Vote YES for buses today!
King County residents: If you value your bus system, vote YES on Proposition 1 by April 22nd. You can find more information here.
The ultimate ride read
The Rebellious Life of Mrs. Rosa Parks is one of the most thought-provoking books I have read in a long time. I hope you’ll read it, too.
In the Bus Bag
Unaccustomed Earth, by Jhumpa Lahiri
Tag Archives: fur and feathers
I ain’t one to link to random videos on the internets, but I’m making an exception for this (via: my cousin-in-law, Eli, who, unlike Chicklet, is most assuredly not a Mo Willems reader). The video is cute and all, but what caught my attention was the caption.
The passengers of this train have nicknamed this pigeon ‘Henry’ and claim that at least once a week he is seen riding the subway and always walks off at the same exit.
That’s even better than the rooster on the 248.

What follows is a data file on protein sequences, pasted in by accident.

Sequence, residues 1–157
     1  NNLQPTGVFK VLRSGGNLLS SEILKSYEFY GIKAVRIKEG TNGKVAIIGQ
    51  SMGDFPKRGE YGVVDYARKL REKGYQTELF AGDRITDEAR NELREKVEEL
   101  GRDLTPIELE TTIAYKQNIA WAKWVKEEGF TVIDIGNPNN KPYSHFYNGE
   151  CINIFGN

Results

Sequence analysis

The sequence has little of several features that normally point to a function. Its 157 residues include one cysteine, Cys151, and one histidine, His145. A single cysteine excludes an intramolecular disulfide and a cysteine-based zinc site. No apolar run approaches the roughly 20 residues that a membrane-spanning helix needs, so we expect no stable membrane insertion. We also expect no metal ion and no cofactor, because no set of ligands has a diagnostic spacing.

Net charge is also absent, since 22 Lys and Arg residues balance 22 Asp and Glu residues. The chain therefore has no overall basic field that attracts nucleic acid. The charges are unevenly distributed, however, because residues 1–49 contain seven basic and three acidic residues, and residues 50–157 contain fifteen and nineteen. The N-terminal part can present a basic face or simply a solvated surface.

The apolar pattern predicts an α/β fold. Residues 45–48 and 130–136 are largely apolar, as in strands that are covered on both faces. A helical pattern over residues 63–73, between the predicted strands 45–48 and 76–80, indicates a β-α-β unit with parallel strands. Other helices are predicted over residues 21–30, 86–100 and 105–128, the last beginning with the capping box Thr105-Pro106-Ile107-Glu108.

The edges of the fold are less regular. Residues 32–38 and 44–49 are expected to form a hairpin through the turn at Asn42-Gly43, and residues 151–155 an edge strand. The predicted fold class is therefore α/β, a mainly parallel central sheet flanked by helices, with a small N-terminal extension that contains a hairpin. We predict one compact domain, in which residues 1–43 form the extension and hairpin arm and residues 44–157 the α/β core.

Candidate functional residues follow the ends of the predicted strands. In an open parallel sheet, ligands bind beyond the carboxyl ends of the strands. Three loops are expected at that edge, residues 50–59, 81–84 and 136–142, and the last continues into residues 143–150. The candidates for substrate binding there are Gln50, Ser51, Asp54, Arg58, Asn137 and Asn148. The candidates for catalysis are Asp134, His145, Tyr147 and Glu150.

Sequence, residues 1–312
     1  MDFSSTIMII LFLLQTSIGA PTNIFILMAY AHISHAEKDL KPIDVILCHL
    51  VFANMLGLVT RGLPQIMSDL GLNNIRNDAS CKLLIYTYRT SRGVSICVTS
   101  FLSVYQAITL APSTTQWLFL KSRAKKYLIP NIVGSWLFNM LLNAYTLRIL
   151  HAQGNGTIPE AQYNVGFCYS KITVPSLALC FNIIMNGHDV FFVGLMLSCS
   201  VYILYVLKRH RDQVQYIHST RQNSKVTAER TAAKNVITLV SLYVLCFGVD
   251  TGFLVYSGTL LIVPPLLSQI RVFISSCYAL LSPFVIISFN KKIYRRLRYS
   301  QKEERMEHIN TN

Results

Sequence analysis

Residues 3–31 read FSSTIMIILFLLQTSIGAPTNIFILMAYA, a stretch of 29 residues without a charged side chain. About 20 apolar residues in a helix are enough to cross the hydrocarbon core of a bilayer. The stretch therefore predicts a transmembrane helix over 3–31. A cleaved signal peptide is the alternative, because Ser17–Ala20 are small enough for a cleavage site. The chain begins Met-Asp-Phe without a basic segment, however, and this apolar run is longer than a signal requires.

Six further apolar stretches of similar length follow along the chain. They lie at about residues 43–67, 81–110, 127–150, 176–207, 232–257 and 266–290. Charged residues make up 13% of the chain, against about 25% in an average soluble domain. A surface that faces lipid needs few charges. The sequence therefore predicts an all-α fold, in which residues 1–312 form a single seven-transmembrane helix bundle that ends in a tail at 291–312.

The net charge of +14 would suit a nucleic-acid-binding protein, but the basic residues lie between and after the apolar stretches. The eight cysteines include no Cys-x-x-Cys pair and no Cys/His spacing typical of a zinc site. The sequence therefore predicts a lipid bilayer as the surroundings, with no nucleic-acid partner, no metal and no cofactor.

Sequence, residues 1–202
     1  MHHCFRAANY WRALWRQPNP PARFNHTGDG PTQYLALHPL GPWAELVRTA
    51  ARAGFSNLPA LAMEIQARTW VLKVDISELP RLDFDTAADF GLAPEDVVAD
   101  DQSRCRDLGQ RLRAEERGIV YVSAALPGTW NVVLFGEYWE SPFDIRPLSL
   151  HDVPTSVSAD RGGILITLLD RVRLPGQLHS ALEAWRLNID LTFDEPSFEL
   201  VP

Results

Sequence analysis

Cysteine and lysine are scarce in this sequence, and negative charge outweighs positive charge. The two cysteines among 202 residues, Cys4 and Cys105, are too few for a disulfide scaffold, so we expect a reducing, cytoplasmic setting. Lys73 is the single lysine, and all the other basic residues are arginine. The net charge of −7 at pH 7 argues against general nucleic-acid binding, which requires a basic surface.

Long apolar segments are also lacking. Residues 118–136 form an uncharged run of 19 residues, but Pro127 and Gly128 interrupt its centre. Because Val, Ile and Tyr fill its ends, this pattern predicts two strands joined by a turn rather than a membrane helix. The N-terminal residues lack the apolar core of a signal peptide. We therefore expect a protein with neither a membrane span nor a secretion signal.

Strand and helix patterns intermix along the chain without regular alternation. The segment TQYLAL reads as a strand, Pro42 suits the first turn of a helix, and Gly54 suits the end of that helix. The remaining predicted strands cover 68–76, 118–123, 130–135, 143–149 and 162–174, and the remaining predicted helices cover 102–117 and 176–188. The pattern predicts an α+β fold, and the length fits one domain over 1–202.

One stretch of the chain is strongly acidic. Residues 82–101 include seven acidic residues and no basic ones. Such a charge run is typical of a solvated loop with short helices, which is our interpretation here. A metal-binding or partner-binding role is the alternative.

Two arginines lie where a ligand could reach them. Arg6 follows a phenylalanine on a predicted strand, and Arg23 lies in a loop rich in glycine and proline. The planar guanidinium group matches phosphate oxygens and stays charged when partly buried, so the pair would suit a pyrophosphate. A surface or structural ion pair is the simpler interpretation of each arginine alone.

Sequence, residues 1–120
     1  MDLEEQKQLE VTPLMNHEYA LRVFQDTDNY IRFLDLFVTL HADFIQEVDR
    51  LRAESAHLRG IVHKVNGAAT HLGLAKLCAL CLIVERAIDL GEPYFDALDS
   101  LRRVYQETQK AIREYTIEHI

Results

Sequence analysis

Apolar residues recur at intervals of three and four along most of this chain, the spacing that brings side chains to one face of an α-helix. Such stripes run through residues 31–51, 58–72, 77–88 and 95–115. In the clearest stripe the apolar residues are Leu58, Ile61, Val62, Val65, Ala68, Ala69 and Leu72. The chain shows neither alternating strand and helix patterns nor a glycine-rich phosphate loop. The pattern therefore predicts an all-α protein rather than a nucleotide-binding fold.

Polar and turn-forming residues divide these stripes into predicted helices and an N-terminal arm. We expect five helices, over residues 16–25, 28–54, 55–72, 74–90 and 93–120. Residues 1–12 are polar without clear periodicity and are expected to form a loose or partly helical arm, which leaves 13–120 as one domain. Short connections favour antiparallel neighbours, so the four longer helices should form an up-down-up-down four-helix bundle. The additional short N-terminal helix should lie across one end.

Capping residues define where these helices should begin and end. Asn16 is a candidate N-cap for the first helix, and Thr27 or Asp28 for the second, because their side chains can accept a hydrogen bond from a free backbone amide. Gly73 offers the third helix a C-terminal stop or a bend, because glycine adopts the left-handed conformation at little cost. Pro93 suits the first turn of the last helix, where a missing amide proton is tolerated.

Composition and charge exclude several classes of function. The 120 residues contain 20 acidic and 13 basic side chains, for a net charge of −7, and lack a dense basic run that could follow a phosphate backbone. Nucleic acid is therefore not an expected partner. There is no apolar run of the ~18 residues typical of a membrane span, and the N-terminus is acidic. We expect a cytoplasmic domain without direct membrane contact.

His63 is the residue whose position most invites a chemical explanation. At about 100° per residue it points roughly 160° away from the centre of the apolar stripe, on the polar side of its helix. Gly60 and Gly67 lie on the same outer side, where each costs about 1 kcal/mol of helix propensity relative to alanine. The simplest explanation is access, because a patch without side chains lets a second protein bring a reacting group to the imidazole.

At least one rider travels with something other than a laptop:
Sorry for the bad phone photo. In case you can’t tell, it’s a dog in a stroller.
This is pretty cute, but I thought ST didn’t allow pets. And anyway, don’t they have to fold those down for the ride, like folks with human babies?
This one, like the first, took place on the 27, which, remarkably, still holds the top spot on my list of favorite routes.
Did I mention that he was licking the headrest?
Custom dictates that I close out this post with a basketball metaphor–one that doesn’t exactly apply but at least gives me an opportunity to squeeze in a shout to my favorite sport. (An example: “A foul of this magnitude …
Spotted earlier today, at the southbound stop at 3rd & Pine:
No barking, shedding, or biting for this little guy. With the lid closed, it looked like his owner was on her way to a picnic.
Recently (OK, back in February), Todd from the Czech Republic e-mailed to share information about Dogs on Board!, a campaign to allow pet dogs on buses and trains. From DoB’s mission statement:
In Europe it is the norm that people can take full-size non-assistance dogs on urban transit, regional trains, intercity trains and so on, though rarely on intercity buses, generally for half price and sometimes for free, sometimes with a muzzle and nearly always with a leash, with the driver or staff empowered to remove transit customers and their pets if there are problems.
In Canada and the …